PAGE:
Freudenberger, Nell. The Newlyweds. Knopf. May 2012. 336p. ISBN 9780307268846. $25.95. CD: Random Audio. LITERARY FICTION
Freudenberger is truly a reader’s writer; people I know who love good books tend to utter her name with some enthusiasm. She debuted with the PEN/Malamud Award‚ winning story collection, Lucky Girls, and followed up successfully with her first novel, The Dissident. That was in 2006, and here, finally, is a new novel. This tale of cross-continental star-crossed love features an American man and a Bangladeshi woman who meet online and soon marry, only to discover that each has secrets that undermine the marriage. So, a modern take on the age-old hidden complexities of love. With a four-city tour to Boston, New York, San Francisco, and Seattle and a 75,000-copy first printing; get it wherever there are serious readers.
Irving, John. In One Person. S. & S. May 2012. 448p. ISBN 9781451664126. $28. CD/downloadable: S. & S. Audio. LITERARY FICTION
Billy, the bisexual protagonist of Irving’s 13th novel, is what Irving called a sexual suspect in his classic The World According to Garp. Indeed, as he switches publishers, it looks as if Irving is also taking a leap back to the intense sexual and political concerns of his earlier works. Here, Billy narrates the ups and downs, ins and outs of a bittersweet life led over a half-century. More details I can’t give you, except to say that you should expect a cast of typical Irving-wonderful crazies. Irving is loved.
Kanon, Joseph. Istanbul Passage. Atria: S. & S. May 2012. 480p. ISBN 9781439156414. $26; eISBN 9781439164822. THRILLER
With Turkey neutral during World War II, Istanbul swarms with refugees, spies, and businessmen like Leon Bauer, an American who does the occasional odd job for the Allies. He has one last job after the war ends, but it goes badly, and he finds himself trapped in spiraling intrigue (remember, this is the town that gave us the word byzantine), as he faces both impossible moral choices and the advent of love. Sounds deliciously atmospheric, a good enough recommendation, but what intrigues me here is the suggestion of postwar twistiness that defined the last half-century in a setting that couldn’t be more au courant. With a reading group guide.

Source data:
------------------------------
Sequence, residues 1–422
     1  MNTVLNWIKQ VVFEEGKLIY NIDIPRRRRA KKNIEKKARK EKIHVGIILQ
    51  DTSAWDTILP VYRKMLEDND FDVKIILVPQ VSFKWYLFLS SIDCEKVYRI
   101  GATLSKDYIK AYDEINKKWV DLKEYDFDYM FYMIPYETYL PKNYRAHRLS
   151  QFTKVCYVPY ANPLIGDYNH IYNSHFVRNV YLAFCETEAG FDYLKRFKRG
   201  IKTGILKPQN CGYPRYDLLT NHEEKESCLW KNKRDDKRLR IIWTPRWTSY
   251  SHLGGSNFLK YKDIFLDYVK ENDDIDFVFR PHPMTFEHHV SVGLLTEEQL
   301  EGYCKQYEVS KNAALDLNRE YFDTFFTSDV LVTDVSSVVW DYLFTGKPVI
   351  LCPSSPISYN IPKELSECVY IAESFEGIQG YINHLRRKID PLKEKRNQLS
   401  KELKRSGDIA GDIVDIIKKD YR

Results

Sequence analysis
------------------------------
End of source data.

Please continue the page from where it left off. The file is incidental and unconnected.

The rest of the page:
Ingrassia, Paul. Engines of Change: A History of the American Dream in Fifteen Cars. S. & S. May 2012. 448p. ISBN 9781451640632. $30. HISTORY/TECHNOLOGY
The manufacturing boom, geographical and social mobility, suburbanization, march- and concert-going hippies, then the ongoing oil crisis and environmental degradation‚ they’ve all been helped along by the car, as has our general passion for the unfettered life. A Pulitzer Prize winner for his reporting on GM management crises in the early 1990s, Reuters deputy editor in chief Ingrassia uses 15 cars, from the Model-T Ford to the Corvette to the BMW 3 series, to show how the car defined 20th-century American history. Essential for car nuts, but it’s bigger than that.
Wasserstein, Bernard. On the Eve: The Jews of Europe Before the Second World War. S. & S. May 2012. 448p. ISBN 9781416594277. $30. HISTORY
Ulrich and Harriet Meyer Professor of Modern European Jewish History at the University of Chicago, Wasserstein chronicles European Jewry in the decade before the war, boldly exploring problems within the community as well as the external pressures of anti-Semitism. He ranges widely, from Vilna (the Jerusalem of Lithuania) to Amsterdam (the Jerusalem of the West) to Judeo-Espa√±ol-speaking Salonica in Greece while profiling bankers, revolutionaries, yeshiva bokhers, and more. I suspect that we think we know all there is to know about this subject, but we don’t; Wasserstein should have us covered. Important.